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International Journal of Cell BiologyVolume 2013 2013, Article ID 705294, 10 pages

Review Article

INSERM, U848, Institut Gustave Roussy, Pavillon de Recherche 1, 39 Rue Camille Desmoulins, 94805 Villejuif, France

Université Paris Sud-Paris XI, 94805 Villejuif, France

Institut Gustave Roussy, 94805 Villejuif, France

Université Paris Descartes-Paris V, Sorbonne Paris Cité, 75006 Paris, France

Metabolomics Platform, Institut Gustave Roussy, 94805 Villejuif, France

Pôle de Biologie, Hôpital Européen Georges Pompidou, AP-HP, 75015 Paris, France

Equipe 11 Labelisée par la Ligue Nationale Contre le Cancer, Centre de Recherche des Cordeliers, 75006 Paris, France

Received 30 November 2012; Revised 9 January 2013; Accepted 23 January 2013

Academic Editor: Marc Diederich

Copyright © 2013 Judith Michels et al. This is an open access article distributed under the Creative Commons Attribution License, which permits unrestricted use, distribution, and reproduction in any medium, provided the original work is properly cited.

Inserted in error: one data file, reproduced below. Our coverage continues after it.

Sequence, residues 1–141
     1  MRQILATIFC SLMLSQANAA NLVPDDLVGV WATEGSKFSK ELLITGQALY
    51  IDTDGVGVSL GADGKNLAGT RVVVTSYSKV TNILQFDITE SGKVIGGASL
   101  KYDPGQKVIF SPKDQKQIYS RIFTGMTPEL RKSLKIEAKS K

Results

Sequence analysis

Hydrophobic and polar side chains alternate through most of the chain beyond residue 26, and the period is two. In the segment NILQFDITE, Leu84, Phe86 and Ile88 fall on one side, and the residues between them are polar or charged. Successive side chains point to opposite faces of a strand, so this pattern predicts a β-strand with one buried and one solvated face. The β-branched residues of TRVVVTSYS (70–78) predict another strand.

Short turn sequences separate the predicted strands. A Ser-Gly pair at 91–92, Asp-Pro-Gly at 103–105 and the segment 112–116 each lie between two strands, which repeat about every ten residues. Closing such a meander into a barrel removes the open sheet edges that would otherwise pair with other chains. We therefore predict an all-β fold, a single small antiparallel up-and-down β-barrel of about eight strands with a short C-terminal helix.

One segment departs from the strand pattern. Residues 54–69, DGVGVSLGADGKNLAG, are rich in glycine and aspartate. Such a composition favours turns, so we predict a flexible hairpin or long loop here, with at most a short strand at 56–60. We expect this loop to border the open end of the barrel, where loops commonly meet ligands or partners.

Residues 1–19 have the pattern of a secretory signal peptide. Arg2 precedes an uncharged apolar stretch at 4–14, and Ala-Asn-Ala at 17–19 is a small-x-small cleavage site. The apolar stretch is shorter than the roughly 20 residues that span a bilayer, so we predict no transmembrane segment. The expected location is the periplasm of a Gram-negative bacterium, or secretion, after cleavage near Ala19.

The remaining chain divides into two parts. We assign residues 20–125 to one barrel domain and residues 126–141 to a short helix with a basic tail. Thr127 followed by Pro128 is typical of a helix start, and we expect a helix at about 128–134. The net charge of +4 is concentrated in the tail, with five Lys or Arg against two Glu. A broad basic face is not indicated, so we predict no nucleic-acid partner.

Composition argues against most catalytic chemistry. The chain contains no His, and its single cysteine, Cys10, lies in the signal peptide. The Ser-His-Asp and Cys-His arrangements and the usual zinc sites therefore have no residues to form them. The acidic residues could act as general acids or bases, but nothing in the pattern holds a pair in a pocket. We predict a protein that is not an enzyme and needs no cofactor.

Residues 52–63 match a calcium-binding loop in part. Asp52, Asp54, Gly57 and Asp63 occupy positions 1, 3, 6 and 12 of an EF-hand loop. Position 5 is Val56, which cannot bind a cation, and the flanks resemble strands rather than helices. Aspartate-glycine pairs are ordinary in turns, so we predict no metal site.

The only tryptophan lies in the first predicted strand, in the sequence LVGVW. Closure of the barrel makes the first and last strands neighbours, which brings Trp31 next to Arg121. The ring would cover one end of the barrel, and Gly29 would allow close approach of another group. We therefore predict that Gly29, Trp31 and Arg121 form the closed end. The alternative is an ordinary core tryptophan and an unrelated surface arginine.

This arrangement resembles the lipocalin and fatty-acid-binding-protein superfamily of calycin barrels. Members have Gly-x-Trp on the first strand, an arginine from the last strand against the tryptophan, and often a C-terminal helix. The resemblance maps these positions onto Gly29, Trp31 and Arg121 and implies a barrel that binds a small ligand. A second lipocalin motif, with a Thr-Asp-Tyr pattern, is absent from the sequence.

The BCL-2 homolog BCL-XL, one of the two protein products of BCL2L1, has originally been characterized for its prominent prosurvival functions. Similar to BCL-2, BCL-XL binds to its multidomain proapoptotic counterparts BAX and BAK, hence preventing the formation of lethal pores in the mitochondrial outer membrane, as well as to multiple BH3-only proteins, thus interrupting apical proapoptotic signals. In addition, BCL-XL has been suggested to exert cytoprotective functions by sequestering a cytosolic pool of the pro-apoptotic transcription factor p53 and by binding to the voltage-dependent anion channel 1 VDAC1, thereby inhibiting the so-called mitochondrial permeability transition MPT. Thus, BCL-XL appears to play a prominent role in the regulation of multiple distinct types of cell death, including apoptosis and regulated necrosis. More recently, great attention has been given to the cell death-unrelated functions of BCL-2-like proteins. In particular, BCL-XL has been shown to modulate a number of pathophysiological processes, including—but not limited to—mitochondrial ATP synthesis, protein acetylation, autophagy and mitosis. In this short review article, we will discuss the functions of BCL-XL at the interface between cell death and metabolism.

Author: Judith Michels, Oliver Kepp, Laura Senovilla, Delphine Lissa, Maria Castedo, Guido Kroemer, and Lorenzo Galluzzi



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